China bars US ship in row over support for Taiwan

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Signalling its anger over American dealings with Taiwan, China has blocked a port call by a US warship to Hong Kong and refused yesterday to say whether Vice-President Hu Jintao would go ahead with plans for a visit to the United States.

The US Consulate said yesterday that Beijing had rejected a request for a visit from 5 to 9 April by the USS Curtis Wilbur, a guided missile destroyer of the Seventh Fleet, based in Yokosuka, Japan.

A US State Department spokesman, Richard Boucher, said China gave no reason for the move. "We see it as a routine matter for US ships to visit Hong Kong as part of Hong Kong's status as an open and free port," he said, adding that he was not aware of any retaliatory action that the US might take against China.

The rejection came a day before the Chinese government accused Washington of committing a "series of erroneous acts" and spoiling the aura of good relations set during a February visit to Beijing by President George Bush. As often happens, the spat is over Taiwan. Beijing objected to an American decision to let Taiwan's Defence Minister, Tang Yiau-ming, attend a private defence convention this month in St Petersburg, Florida.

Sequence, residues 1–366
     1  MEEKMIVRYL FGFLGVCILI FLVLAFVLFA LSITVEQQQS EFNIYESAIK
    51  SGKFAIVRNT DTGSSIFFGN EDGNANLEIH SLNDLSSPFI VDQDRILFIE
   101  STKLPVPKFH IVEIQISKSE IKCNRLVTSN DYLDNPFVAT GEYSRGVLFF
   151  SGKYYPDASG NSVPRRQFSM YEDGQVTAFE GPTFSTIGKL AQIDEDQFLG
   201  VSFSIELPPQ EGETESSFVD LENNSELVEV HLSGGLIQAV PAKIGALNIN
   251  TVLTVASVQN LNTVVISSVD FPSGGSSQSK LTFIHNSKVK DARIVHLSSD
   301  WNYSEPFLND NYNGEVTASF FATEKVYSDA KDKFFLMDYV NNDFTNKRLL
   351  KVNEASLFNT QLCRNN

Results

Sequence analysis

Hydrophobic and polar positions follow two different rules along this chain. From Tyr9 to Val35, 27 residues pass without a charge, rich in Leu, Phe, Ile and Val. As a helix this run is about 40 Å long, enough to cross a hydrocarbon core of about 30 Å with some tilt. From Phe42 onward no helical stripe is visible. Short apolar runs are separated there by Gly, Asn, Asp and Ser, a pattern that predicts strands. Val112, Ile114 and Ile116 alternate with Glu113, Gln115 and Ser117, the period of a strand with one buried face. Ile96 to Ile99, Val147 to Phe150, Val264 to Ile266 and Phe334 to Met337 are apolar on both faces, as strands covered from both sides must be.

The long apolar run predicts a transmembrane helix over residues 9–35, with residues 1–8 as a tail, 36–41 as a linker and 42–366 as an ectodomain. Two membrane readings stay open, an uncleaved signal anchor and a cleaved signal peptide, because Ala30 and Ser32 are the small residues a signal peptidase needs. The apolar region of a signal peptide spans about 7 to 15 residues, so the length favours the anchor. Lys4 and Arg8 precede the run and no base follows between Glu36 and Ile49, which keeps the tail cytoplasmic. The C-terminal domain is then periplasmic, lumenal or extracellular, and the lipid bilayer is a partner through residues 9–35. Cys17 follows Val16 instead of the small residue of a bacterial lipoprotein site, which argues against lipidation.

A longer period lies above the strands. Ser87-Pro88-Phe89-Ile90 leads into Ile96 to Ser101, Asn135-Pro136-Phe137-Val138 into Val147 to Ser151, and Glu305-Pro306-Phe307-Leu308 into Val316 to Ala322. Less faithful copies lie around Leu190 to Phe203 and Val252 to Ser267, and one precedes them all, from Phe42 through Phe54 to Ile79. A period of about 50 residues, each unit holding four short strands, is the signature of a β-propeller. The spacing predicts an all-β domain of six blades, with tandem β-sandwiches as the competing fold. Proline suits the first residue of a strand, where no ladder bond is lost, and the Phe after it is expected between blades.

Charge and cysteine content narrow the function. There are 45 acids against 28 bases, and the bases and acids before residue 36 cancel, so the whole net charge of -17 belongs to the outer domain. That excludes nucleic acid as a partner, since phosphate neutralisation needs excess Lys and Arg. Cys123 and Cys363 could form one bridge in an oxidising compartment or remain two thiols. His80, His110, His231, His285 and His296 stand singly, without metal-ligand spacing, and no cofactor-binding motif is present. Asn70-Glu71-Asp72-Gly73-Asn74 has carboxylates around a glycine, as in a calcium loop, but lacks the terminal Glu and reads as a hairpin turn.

Since Taiwan, a former British colony, reverted to Chinese rule in 1997, Beijing has occasionally protested against US actions by barring its warships from visiting Hong Kong.

A spokeswoman for China's foreign ministry said port calls by foreign warships and aircraft were approved on a "case-by-case basis". She declined to say whether the Vice-Presidentwould go ahead with his US visit, expected in April or May. Instead, she demanded that Washington "cease interfering in China's internal affairs by using Taiwan issues and undermining bilateral ties".

The Chinese Premier, Zhu Rongji, told the visiting US senators Daniel Inouye of Hawaii and Ted Stevens of Alaska that Mr Tang's trip to Florida was one of "a series of actions that violated" China-US relations, the state-run Xinhua News Agency reported. "The Chinese government and people feel nothing but strong indignation over the actionand firmly oppose the carrying out of any similar acts," he said.

China and Taiwan split amid a civil war on the mainland in 1949. Beijing says it will attack Taiwan if the island declares independence or delays too long in talks over uniting with the mainland. It has sought to isolate Taiwan diplomatically.

America severed formal ties with Taiwan in 1979 when Washington recognised China. Since then, high-level meetings between US and Taiwanese officials have been rare. US arms sales to Taiwan's government have long been a sore point. Washington does not dispute Beijing's claim to Taiwan, but argues that it must help the island defend itself.